The Nickel Trophy was presented to the winner of the formerly annual football game between the rival University of North Dakota Fighting Sioux (who changed their nickname and logo in 2012) and the North Dakota State University Bison. The two universities are approximately 76 miles apart on the eastern border of North Dakota. Since UND and NDSU have not played each other in football since 2003, the trophy has not been contested since then and the series is considered defunct.
Robert Kunkel, a UND alumnus and Chicago advertising executive, was the originator of the trophy, and Blue Key, an honorary service fraternity at NDSU, and the UND Blue Key (Student Government after their Blue Key Chapter dissolved) administered the annual awarding. It is an oversized 75-pound replica of the James Earle Fraser-designed U.S. buffalo nickel with a buffalo on one side representing NDSU Bison and a Native American head on the other side representing UND, who were known as the Fighting Sioux until 2012. Fraser is best known for his sculpture, "The End of The Trail" was born in Winona, MN and lived for a time in Dakota Territory. The coin-shaped trophy's "mint" date is 1937, the year the trophy was created. Jack Sather a native of New England, ND was commissioned to design and act a sculpture of the award. It took six weeks to complete the job and he was paid $65 for his work. Those funds were raised by both NDSU and UND Blue Key chapters from members and friends. The Nickel is 250 times larger than a regular five-cent piece, weighs 75 pounds, is 2 inches thick and 22 inches in diameter. Both sides were 3/4" relief and from the original models, plaster casts were poured. The casts were hauled to a St. Paul, MN foundry where plaster copies were recast in an aluminum alloy. The halves were welded together to make the finished piece. It was first awarded in 1938 when NDSU won by a 17-13 score. It has been the object of many theft and "kidnapping" attempts by students from both universities. Governor William Langer was asked to participate in the unveiling of the new award in Grand Forks. Moments after the unveiling an unidentified student stepped up to Governor Langer and told him "I'll take care of this for you," and disappeared with the nickel trophy. It turned up 36 hours later on the front lawn of then UND President John C. West (The Forum of Fargo-Moorhead, October 21, 1967) and a new tradition of "kidnapping" or "borrowing" the trophy had begun.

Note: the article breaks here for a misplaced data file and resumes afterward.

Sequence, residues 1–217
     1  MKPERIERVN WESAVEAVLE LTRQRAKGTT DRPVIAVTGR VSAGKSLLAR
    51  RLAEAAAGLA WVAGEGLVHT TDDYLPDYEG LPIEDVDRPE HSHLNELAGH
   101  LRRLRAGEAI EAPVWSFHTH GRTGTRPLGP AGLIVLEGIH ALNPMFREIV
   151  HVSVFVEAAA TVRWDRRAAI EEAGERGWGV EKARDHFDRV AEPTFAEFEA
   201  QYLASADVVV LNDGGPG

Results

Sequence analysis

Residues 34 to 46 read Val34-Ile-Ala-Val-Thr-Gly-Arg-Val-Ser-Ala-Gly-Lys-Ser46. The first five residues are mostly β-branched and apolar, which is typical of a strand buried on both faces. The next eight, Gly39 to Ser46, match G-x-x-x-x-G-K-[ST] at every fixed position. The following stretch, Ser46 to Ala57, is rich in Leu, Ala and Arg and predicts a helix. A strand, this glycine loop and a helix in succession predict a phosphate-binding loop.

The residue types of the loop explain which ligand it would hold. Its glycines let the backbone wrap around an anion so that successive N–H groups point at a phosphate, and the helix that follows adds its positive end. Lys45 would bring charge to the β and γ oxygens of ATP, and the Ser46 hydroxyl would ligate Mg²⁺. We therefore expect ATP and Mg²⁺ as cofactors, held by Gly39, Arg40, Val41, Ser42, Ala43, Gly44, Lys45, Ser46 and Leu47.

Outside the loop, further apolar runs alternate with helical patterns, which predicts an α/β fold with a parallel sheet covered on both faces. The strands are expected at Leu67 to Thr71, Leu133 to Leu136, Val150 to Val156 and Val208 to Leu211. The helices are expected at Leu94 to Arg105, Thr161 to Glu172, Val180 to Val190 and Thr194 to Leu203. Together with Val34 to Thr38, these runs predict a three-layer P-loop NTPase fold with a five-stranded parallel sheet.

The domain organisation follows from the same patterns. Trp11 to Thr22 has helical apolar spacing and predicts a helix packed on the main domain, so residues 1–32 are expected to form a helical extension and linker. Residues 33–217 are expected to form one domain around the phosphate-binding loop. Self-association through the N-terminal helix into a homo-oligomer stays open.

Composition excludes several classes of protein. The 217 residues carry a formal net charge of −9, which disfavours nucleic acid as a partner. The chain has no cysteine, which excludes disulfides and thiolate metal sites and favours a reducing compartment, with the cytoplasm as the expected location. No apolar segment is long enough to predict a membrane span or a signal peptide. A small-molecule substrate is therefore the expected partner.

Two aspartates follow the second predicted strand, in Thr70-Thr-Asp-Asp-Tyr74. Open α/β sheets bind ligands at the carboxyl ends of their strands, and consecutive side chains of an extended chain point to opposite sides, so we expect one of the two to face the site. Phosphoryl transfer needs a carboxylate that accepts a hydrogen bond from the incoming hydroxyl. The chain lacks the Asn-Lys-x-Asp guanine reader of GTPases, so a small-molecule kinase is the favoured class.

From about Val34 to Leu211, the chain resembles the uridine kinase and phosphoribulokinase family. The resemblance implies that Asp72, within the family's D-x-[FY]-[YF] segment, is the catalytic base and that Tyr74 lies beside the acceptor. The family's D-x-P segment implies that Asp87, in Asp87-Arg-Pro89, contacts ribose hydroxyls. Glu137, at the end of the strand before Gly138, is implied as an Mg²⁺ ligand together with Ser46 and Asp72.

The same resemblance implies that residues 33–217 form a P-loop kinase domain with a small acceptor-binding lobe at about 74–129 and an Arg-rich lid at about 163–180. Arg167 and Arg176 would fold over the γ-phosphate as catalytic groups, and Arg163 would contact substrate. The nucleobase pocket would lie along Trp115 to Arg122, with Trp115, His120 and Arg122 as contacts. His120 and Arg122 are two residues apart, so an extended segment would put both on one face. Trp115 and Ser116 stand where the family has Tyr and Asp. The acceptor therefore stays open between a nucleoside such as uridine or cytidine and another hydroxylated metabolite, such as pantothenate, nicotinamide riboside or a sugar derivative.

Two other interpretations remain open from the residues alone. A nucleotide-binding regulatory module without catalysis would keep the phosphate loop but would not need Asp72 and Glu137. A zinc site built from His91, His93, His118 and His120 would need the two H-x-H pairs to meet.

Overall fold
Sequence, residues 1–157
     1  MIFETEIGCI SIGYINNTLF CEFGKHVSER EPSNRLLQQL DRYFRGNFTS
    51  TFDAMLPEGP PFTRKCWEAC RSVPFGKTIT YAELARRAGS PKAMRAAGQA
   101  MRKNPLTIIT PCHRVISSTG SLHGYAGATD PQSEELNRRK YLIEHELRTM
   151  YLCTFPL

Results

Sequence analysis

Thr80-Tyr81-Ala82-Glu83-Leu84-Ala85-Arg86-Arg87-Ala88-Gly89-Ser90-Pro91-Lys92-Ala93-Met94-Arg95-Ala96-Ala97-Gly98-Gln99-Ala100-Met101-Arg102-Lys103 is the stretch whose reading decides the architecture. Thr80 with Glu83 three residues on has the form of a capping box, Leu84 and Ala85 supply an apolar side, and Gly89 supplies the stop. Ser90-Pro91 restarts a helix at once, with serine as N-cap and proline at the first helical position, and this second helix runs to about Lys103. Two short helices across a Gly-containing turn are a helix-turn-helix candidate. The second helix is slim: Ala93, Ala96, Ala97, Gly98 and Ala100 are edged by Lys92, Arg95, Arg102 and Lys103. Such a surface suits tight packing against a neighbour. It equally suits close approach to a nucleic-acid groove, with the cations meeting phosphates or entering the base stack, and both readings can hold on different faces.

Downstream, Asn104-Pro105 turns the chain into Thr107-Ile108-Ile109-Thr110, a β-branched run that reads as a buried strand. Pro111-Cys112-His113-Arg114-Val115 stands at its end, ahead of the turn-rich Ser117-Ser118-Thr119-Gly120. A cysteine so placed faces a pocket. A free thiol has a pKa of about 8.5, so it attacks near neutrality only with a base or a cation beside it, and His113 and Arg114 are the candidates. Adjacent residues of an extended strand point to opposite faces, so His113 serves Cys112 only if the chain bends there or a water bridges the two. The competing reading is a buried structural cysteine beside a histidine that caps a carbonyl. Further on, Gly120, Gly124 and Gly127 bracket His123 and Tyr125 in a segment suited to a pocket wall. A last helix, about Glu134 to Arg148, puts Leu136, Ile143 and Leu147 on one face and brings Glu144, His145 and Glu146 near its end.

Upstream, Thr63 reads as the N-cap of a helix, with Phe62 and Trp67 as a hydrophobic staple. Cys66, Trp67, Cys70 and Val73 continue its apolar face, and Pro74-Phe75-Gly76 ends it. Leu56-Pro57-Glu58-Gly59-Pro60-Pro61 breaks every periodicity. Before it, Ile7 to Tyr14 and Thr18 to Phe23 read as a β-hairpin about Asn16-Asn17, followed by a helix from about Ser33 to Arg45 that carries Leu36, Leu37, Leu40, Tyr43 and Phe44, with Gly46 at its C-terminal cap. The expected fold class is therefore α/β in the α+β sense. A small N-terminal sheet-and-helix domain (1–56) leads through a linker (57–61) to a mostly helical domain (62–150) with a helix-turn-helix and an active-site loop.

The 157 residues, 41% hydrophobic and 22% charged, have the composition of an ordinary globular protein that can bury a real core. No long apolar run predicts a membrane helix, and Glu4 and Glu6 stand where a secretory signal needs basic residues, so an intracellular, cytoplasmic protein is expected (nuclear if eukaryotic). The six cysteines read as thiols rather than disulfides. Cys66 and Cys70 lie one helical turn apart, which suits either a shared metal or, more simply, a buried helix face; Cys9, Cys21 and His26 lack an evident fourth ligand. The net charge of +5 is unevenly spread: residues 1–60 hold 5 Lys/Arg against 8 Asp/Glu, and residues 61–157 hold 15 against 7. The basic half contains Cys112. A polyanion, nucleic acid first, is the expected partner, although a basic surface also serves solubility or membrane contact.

Prior to 2004, the game was one of the longest-running college football contests, with 110 meetings spanning several decades with the first official game in 1894. The Sioux lead the all-time series 62-45, with 3 ties. In games where the Nickel Trophy has been contested (since 1938), the Sioux lead the series 35-30 and won the last three games in the series. The last NDSU win was in 2000, 16-13. The two playoff games between the teams (1994 and 1995) are not considered part of the Nickel series, and it has been agreed on by both schools that only the regular season scheduled game would determine the Nickel's rightful owner according to former Blue Key member and chapter adviser Tim Flakoll.
Both teams have had long winning streaks in the series. The most recent streaks of significant length were in 1981-1992, where the Bison won 12 straight games in the series, including two shutout wins (1985 and 1989)- and in 1993-1996, where the Sioux snapped the losing streak by winning four straight regular season games. (As mentioned, the two teams did play playoff games in 1994 and 1995 respectively- the Sioux winning in 1994 and the Bison in 1995). Of more historical note, the Sioux won 12 straight also from 1953-1964 before the Bison stopped the streak with a 6-3 win in 1965.
Since 1921, NDSU and UND competed as charter members in the NCAA Division IINorth Central Conference. In 2002, NDSU announced their intention to move their football program to the Division I-AA level (and athletic program as a whole to Division I). An agreement for the schools to continue competing on the field could not be reached between the two universities and was the subject of much controversy following NDSU's reclassification. Thus, the Sioux have held the trophy since October 18, 2003, when they defeated NDSU in the last Nickel Trophy game by a 28-21 score in Grand Forks.
Scheduling logistics with their respective conferences, and the yearly frequency of the potential resumption of the series are the stated reasons for not resuming. Several high-profile alumni and sports figures have called for a resumption of the series, and there is a grassroots movement for the legislature to require an annual game by law.
On May 16, 2012, UND athletic director Brian Faison announced that UND and NDSU are planning a contract for two more games between each other, first in 2015 in Fargo (NDSU) and then 2017 in Grand Forks (UND).